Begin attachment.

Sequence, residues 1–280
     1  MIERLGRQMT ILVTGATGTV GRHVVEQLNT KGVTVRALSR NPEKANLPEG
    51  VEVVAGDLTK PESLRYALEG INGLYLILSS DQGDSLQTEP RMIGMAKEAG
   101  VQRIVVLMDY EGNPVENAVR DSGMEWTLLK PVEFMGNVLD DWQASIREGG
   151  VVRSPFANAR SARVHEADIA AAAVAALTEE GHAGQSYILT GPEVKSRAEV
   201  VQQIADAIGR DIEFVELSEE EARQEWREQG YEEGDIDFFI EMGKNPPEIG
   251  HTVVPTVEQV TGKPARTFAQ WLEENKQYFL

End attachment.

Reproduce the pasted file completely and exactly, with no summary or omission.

Sequence, residues 1–280
     1  MIERLGRQMT ILVTGATGTV GRHVVEQLNT KGVTVRALSR NPEKANLPEG
    51  VEVVAGDLTK PESLRYALEG INGLYLILSS DQGDSLQTEP RMIGMAKEAG
   101  VQRIVVLMDY EGNPVENAVR DSGMEWTLLK PVEFMGNVLD DWQASIREGG
   151  VVRSPFANAR SARVHEADIA AAAVAALTEE GHAGQSYILT GPEVKSRAEV
   201  VQQIADAIGR DIEFVELSEE EARQEWREQG YEEGDIDFFI EMGKNPPEIG
   251  HTVVPTVEQV TGKPARTFAQ WLEENKQYFL